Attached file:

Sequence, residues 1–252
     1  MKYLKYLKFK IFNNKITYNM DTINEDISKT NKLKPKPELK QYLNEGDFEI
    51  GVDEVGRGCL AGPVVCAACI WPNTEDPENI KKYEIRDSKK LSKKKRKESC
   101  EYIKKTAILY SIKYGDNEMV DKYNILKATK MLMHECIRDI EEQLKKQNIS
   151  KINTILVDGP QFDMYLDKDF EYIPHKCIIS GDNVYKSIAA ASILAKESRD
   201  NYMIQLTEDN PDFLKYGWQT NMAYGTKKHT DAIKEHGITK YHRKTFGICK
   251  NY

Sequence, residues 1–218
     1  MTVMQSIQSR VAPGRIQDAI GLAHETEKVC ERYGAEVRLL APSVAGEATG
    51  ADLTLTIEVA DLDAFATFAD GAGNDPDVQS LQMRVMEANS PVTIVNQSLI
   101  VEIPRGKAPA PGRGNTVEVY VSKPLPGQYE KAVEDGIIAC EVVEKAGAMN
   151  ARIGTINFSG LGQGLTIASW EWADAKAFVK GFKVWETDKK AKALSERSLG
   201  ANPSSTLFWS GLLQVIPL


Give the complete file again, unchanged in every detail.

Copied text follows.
Sequence, residues 1–252
     1  MKYLKYLKFK IFNNKITYNM DTINEDISKT NKLKPKPELK QYLNEGDFEI
    51  GVDEVGRGCL AGPVVCAACI WPNTEDPENI KKYEIRDSKK LSKKKRKESC
   101  EYIKKTAILY SIKYGDNEMV DKYNILKATK MLMHECIRDI EEQLKKQNIS
   151  KINTILVDGP QFDMYLDKDF EYIPHKCIIS GDNVYKSIAA ASILAKESRD
   201  NYMIQLTEDN PDFLKYGWQT NMAYGTKKHT DAIKEHGITK YHRKTFGICK
   251  NY

Sequence, residues 1–218
     1  MTVMQSIQSR VAPGRIQDAI GLAHETEKVC ERYGAEVRLL APSVAGEATG
    51  ADLTLTIEVA DLDAFATFAD GAGNDPDVQS LQMRVMEANS PVTIVNQSLI
   101  VEIPRGKAPA PGRGNTVEVY VSKPLPGQYE KAVEDGIIAC EVVEKAGAMN
   151  ARIGTINFSG LGQGLTIASW EWADAKAFVK GFKVWETDKK AKALSERSLG
   201  ANPSSTLFWS GLLQVIPL